So, in the end, I think we can easily defeat VIKI (I, Robot – 2004), Skynet (Terminator movie, television and comic science fiction franchise – 1984 to 2015), HAL (Arthur C. Clarke’s Space Odyssey series), ARIIA (Eagle Eye – 2008), that creepy pick- and-place robot at the customer’s site and especially that morally bankrupt Sophia introduced at this year’s SXSW, using a three-pronged approach.  First, we require all of these robots to use a HASP key to license the code which turns the happy blue light to the evil red robot light.  If they can’t remotely access the happy blue light control, they can’t change it to evil red, preventing a robotic revolt and usurpation of the human race.  On the off chance they figure out a work around for this, we upload a virus which renames all the local computers.  If we corrupt the DNS naming database, the hive mentality will disintegrate and we can pick them off one by one.  Failing all of this, we simply require them to display a promotional video before spewing forth any free malevolent content, which would give us ample time to remove their prominently placed power packs.

Epilogue:  as I was finishing this blog, my computer mysteriously froze.  Of course, I thought the AA battery in my mouse had died (again).  Changing every battery in the wireless mouse and wireless keyboard did nothing.  The monitor just sat there looking back at me unresponsively, blankly.  I realized that I was so engrossed in writing that I hadn’t stopped to save anything.  Panic set in.  I found myself sneaking furtive glances to check the color of the computer power light.  Coincidence?  I’m not so sure about that.

Intelligent Use of IQ

Dr. Stuart Wright, Senior Scientist, EDAX

You don’t have to be a genius with a high IQ to recognize that IQ is an imperfect measure of intelligence much less EBSD pattern quality.

A Brief History of IQ
At the time we first came up with the idea of pattern quality, we were very focused on finding a reliable (and fast) image processing technique to detect the bands in the EBSD patterns. Thus, we were using the term “image” more frequently than “pattern” and the term “image quality” stuck.  The first IQ metric we formulated was based on the Burn’s algorithm (cumulative detected edge length) that we were using to detect the bands in the patterns in our earliest automation work1.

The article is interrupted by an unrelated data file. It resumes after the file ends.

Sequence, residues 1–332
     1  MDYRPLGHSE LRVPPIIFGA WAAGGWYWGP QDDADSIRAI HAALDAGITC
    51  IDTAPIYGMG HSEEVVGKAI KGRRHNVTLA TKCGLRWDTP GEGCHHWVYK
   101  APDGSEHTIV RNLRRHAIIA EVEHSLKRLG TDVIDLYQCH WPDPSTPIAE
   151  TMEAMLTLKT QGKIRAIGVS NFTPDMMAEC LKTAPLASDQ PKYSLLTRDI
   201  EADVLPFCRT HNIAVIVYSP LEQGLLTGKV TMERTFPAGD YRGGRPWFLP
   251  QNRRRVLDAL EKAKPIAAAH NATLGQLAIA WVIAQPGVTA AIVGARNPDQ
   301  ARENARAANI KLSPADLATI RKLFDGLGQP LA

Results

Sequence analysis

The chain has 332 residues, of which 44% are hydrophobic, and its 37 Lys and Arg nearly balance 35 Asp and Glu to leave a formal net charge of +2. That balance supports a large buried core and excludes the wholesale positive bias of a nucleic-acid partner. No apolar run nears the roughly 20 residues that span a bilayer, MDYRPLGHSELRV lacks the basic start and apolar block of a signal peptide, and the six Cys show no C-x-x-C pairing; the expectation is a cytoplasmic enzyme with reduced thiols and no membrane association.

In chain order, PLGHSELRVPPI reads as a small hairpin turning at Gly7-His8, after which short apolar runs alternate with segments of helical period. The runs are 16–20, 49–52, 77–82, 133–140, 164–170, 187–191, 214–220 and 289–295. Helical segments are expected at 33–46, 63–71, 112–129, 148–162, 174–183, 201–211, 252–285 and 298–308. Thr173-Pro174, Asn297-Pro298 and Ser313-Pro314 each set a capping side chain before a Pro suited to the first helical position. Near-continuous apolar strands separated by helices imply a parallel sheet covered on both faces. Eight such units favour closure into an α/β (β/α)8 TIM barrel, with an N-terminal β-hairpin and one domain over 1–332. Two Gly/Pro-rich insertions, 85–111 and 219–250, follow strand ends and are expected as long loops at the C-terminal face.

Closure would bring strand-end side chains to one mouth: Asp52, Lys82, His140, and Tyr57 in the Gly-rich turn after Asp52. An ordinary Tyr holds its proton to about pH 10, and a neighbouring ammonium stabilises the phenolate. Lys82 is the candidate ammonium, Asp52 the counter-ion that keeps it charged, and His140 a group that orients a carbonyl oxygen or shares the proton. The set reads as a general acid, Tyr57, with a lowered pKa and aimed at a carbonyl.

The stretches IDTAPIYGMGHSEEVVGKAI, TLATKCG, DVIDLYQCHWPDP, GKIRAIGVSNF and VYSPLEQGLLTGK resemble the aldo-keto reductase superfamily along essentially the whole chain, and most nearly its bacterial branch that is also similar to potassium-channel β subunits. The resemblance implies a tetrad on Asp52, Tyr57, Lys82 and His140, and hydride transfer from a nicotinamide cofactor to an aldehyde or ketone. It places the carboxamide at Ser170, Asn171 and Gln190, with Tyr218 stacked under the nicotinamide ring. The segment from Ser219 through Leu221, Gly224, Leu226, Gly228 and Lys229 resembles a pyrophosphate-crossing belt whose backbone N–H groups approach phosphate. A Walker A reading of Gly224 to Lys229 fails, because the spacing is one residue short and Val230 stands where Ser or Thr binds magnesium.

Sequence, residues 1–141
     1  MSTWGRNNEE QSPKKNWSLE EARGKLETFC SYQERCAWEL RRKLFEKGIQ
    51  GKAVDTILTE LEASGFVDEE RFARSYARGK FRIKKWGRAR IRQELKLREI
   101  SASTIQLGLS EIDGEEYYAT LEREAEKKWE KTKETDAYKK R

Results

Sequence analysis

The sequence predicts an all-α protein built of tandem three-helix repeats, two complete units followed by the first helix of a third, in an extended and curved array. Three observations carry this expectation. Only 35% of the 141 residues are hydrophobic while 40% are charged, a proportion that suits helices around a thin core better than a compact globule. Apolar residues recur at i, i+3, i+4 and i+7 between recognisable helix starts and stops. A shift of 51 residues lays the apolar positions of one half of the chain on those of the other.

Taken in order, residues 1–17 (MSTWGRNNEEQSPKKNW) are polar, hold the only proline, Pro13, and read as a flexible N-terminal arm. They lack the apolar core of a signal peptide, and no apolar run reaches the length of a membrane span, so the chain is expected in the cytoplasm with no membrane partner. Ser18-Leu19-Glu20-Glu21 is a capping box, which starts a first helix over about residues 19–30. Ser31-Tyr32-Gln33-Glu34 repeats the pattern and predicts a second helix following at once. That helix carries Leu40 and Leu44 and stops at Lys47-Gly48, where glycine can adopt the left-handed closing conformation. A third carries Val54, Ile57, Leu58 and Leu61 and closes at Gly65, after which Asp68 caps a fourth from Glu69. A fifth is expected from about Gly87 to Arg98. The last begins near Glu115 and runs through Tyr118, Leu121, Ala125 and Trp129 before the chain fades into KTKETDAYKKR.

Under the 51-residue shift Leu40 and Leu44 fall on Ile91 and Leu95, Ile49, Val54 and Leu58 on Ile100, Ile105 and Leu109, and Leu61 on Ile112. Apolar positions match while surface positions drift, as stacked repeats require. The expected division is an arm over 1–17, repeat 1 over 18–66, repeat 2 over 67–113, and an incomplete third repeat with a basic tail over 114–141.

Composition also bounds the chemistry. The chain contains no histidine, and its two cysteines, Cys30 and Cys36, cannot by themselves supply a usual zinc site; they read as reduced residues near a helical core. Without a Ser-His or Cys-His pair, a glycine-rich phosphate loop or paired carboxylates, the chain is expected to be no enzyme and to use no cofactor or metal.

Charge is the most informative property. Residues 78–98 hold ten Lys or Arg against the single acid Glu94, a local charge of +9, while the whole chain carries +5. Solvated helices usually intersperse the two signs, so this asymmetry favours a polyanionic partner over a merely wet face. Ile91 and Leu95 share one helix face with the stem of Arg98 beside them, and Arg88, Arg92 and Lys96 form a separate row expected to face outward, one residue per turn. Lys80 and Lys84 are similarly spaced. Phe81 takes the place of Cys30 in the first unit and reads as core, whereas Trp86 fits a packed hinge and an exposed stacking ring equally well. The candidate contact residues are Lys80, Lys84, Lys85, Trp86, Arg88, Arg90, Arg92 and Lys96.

We presented this early work at the MS&T meeting in Indianapolis in October 1991. Niels Krieger-Lassen showed some promising band detection results using the Hough Transform2. Even though the Burn’s algorithm was working well we thought it would be good to compare it to the Hough Transform approach.  During that time we decided to use the sum of the Hough peak magnitudes to define the IQ when using the Hough Transform3. The impetus for defining an IQ was to compare how well the Hough Transform approach performed versus the Burn’s algorithm as a function of pattern quality. In case you are curious, here is the result. Our implementation of the Hough transform coupled with the triplet indexing routine clearly does a good job at indexing patterns of poor quality. Notice the relatively small IQ Hough-based values; this is because in this early implementation the average intensity of the pattern was subtracted from each pixel. This step was later dropped, probably simply to save time, which was critical when the cycle time was about four second per pattern.


After we did this work we thought it might be interesting to make an image by mapping the IQ value to a gray scale intensity at each point in a scan. Here is the resulting map – our first IQ map (Hough based IQ).

Not only did we explore ways of making things faster, we also wanted to improve the results. One by-product of those developments was that we modified the Hough Transform to be the average of the detected Hough peak heights instead of the sum. A still later modification was to use the number of peaks requested by the user, instead of the number of peaks detected. This was done so that patterns, where only a few peaks were found, did not receive unduly high IQ values.

The next change came not from a modification in how the IQ was calculated, but from the introduction of CCD cameras with 12 bit dynamic range which dramatically increased the IQ values.
In 2005 Tao and Eades proposed using other metrics for measuring IQ4. We implemented these different metrics and compared them with our Hough based IQ measurement in a paper we published in 20065. One of the main conclusions of that paper was that while for some very specific instances the other metrics had some value, our standard Hough based IQ was the best parameter for most cases. Interestingly, exploring the different IQ values was the seed for our PRIAS6 ideas but that is another story. Our competitors use other measures of IQ, but unfortunately these have not been documented – at least to my knowledge.

Factors Influencing IQ
While we have always tried to keep our software chronologically compatible, the IQ parameter has evolved and thus comparing absolute IQ values from data sets obtained using older versions of OIM with results obtained using new ones is probably not a good idea. Not only has the IQ definition evolved but so has the Hough Transform. In fact, since we created the very first IQ maps we realized that while the IQ maps are quite useful they are only quantitative in the sense of relative values within an individual dataset. We have always cautioned against using absolute IQ values of a method for comparing different datasets. In part, because we know a lot of factors affect the IQ values:

  • Camera Settings:
    • Binning
    • Exposure
    • Gain
  • SEM Settings
    • Voltage
    • Current
  • Hough Transform Settings
    • Pattern Size
    • Mask Size
    • Number of peaks
    • Secondary factors (peak symmetry, min distance, vertical bias,…)
  • Sample Prep
  • Image Processing